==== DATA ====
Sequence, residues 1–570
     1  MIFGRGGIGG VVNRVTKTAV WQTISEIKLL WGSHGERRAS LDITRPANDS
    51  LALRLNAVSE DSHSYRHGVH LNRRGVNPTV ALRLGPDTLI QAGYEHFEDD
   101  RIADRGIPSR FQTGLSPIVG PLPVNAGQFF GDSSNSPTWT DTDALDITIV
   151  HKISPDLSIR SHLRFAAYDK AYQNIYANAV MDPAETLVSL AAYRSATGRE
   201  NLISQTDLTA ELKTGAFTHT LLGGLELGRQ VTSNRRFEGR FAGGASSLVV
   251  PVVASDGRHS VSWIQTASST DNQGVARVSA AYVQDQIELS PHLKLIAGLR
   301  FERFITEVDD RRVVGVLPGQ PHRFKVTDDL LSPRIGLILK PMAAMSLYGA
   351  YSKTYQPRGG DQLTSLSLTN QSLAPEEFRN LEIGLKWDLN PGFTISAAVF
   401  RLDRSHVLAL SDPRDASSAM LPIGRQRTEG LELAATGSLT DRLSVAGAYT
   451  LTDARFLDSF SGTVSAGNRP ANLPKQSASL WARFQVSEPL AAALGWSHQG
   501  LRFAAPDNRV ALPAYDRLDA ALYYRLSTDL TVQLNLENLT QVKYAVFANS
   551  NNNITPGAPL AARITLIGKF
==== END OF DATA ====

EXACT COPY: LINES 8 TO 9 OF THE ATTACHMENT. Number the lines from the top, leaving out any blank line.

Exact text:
   301  FERFITEVDD RRVVGVLPGQ PHRFKVTDDL LSPRIGLILK PMAAMSLYGA
   351  YSKTYQPRGG DQLTSLSLTN QSLAPEEFRN LEIGLKWDLN PGFTISAAVF